4. Roll out 1 dough disk between 2 large sheets parchment paper to even thickness of 3/16 inch. (If dough becomes soft and sticky, slide rolled dough on parchment onto baking sheet and rechill until firm, about 10 minutes.) Peel parchment from one side of dough and cut into desired shapes using cookie cutter(s); using thin metal spatula, place shapes on parchment-lined baking sheet, spacing them about 1 inch apart. Gather dough scraps and chill. (For cylinder-shaped dough, simply slice cookies 1/4 inch thick and place on parchment-lined baking sheets.)

5. Bake until cookies show slight resistance to touch (see photo below), 10 to 12 minutes, rotating baking sheet halfway through baking time; if cookies begin to darken on edges, they have overbaked. Cool for 5 minutes, then, using spatula, transfer cookies to wire rack; cool completely.

6. To make glaze, combine 1 bar dark chocolate, 2 tablespoons butter, 1/4 cup heavy cream in a microwave save bowl and melt slowly. Add 1 teaspoon vanilla, and stir. Spoon on top cooled cookies.

Lemon Glaze Cookies

This is a cookie for serious lemon lovers. It is quite tart.

adapted from Cook’s Illustrated

Lemon Cookies
¾ cup (5 1/4 oz.) granulated sugar
2 Tbsp. grated zest plus 2 Tbsp. juice from two lemons
1 ¾ cups (8 1/4 oz.) all-purpose flour
¼ tsp. salt
¼ tsp. baking powder
12 Tbsp. ( 1 1/2 sticks) cold unsalted butter, cut into ½” cubes
1 lg. egg yolk
½ tsp. vanilla extract

Lemon Glaze

1 Tbsp. softened cream cheese
2 Tbsp. lemon juice
1 ½ cups (6 oz.) powdered sugar

1. For the cookies: Adjust oven racks to upper-middle and lower-middle positions; heat oven to 375 degrees F.

2. In the bowl of food processor, process granulated sugar and zest until it looks damp and zest is thoroughly incorporated, about 30 seconds.

Add flour, salt, and baking powder; pulse to combine, about 10 one-second pulses. Scatter butter chunks over. Pulse until mixture resembles fine cornmeal, about 15 one-second pulses.

3. In a measuring cup or small bowl, beat lemon juice, yolk, and vanilla until combined. With machine running, add juice/yolk mixture in slow, steady stream (process should take about 10 seconds); continue processing until dough begins to form ball, 10 to 15 seconds longer.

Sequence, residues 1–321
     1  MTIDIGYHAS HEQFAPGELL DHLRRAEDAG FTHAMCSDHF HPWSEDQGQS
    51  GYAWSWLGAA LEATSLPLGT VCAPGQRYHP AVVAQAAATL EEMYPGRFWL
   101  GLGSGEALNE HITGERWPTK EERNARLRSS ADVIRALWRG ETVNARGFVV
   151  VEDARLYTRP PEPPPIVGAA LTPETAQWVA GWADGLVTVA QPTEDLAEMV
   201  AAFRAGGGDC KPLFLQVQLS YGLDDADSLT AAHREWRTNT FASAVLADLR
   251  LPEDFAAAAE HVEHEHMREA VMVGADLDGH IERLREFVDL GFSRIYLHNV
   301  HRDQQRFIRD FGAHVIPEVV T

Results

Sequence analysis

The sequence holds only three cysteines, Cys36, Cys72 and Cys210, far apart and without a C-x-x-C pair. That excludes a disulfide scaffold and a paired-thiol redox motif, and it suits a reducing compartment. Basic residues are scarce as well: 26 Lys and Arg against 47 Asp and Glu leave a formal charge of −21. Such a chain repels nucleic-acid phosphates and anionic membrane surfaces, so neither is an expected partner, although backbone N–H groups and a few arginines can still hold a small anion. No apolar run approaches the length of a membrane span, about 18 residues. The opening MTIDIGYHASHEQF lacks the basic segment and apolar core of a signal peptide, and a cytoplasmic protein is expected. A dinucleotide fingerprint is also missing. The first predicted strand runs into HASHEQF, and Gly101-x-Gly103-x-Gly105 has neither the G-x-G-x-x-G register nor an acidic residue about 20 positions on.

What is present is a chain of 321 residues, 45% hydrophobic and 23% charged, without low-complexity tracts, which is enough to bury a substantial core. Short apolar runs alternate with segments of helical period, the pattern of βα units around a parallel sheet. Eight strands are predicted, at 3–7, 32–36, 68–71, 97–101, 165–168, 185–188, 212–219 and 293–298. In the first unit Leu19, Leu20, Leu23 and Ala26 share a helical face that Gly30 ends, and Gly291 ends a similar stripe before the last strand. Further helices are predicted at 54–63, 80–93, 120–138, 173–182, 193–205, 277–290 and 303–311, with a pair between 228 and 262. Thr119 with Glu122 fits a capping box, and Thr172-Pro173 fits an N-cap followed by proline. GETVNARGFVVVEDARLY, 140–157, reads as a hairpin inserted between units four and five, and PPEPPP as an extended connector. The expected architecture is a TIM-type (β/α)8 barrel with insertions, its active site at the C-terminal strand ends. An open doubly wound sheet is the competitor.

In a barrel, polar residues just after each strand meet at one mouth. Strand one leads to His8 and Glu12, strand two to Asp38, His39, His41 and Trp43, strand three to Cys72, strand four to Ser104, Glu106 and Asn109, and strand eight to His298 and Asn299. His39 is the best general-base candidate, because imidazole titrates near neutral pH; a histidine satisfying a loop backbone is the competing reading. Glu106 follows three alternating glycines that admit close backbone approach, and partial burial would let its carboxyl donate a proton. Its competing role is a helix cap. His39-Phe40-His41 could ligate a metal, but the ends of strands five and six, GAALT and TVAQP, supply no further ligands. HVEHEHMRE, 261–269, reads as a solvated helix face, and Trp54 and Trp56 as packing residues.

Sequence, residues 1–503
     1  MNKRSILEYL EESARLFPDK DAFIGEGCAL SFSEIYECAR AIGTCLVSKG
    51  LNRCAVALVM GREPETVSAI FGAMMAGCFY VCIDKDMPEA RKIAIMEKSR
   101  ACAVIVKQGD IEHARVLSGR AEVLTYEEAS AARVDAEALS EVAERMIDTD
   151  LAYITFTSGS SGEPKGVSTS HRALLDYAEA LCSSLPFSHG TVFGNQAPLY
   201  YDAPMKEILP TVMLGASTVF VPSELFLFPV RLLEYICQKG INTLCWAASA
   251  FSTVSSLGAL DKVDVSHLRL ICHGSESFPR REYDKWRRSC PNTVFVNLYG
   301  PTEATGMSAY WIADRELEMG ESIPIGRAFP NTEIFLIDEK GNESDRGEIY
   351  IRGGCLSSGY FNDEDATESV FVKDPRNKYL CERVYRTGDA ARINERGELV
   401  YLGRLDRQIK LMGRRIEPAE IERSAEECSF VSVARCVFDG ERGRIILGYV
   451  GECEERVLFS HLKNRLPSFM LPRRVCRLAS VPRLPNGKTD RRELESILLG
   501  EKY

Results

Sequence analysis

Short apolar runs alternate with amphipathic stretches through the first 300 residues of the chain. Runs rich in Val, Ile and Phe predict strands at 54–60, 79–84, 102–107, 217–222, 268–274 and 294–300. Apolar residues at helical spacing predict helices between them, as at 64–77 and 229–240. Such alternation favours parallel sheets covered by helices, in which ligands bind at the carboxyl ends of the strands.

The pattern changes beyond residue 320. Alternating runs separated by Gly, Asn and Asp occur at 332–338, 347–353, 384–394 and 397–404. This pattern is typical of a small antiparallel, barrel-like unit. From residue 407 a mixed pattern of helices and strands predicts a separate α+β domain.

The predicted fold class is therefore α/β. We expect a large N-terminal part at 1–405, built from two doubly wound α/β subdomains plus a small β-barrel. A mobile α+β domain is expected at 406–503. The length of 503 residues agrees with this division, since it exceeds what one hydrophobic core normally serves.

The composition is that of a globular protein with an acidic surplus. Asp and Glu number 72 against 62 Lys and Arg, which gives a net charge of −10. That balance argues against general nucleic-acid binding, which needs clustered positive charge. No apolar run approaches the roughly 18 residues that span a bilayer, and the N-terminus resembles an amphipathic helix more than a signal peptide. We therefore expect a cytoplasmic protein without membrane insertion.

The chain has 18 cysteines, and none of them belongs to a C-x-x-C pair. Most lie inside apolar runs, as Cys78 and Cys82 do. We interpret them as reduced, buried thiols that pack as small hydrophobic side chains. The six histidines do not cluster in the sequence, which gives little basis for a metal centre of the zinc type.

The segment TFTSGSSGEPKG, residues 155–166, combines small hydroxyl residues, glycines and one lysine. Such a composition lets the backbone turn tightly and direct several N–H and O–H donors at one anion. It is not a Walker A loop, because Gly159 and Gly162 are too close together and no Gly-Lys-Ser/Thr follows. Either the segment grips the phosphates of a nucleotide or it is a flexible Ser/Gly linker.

4. Turn dough and any dry bits out onto counter (or board); working quickly, gently knead the dough together to ensure no dry bits remain and dough is homogeneous. Roll dough into cylinder approximately 10 inches long and 2 inches in diameter. Center dough on piece of parchment (waxed paper or plastic wrap will work in a pinch ). Fold paper over dough.

Grasp one end of parchment. With other hand, use bench scarper to firmly press parchment against dough to form uniform cylinder. Roll parchment and twist ends together to form tight seal. Chill dough until firm and cold, about 45 minutes in freezer or 2 hours in refrigerator.

5. Line 2 baking sheets with parchment paper. Remove dough log from wrapping and, using a sharp chef’s knife, slice dough into rounds 3/8-inch thick. Place on prepared baking sheets, spacing them about 1 inch apart.

Bake until centers of cookies just begin to color and edges are golden brown, 14 to 16 minutes, rotating baking sheets front to back and top to bottom halfway through baking time.

6. Cool cookies on baking sheet about 5 minutes, using wide metal spatula, transfer cookies to wire rack and cool to room temperature before glazing.

Lemon Glaze:

1. Whisk cream cheese and lemon juice in a medium nonreactive bowl until no lumps remain. Add powdered sugar and whisk until smooth.

2. When cookies have cooled, working one at a time, spoon scant teaspoon glaze onto each cookie and spread evenly with the back of spoon. Let cookies stand on a wire rack until glaze is set and dry, about 1 hour.

Soft Molasses Cookies


3/4 cup shortening
1 cup packed brown sugar
1 large egg
1/2 cup molasses
2 1/2 cups all-purpose flour
1/2 teaspoon salt (see note below)
2 teaspoons baking soda
1 teaspoon ground cinnamon
1 teaspoon ground ginger
1 teaspoon allspice
1 teaspoon nutmeg

1. Cream together shortening and brown sugar.
2. Stir in egg and molasses and mix well.
3. Fold in dry ingredients and stir.
4. Cover and chill till firm (1-2 hours).
5. Preheat oven to 350°.
6. Roll dough into small balls and roll in white sugar.
7. Place on lightly greased cookie sheet.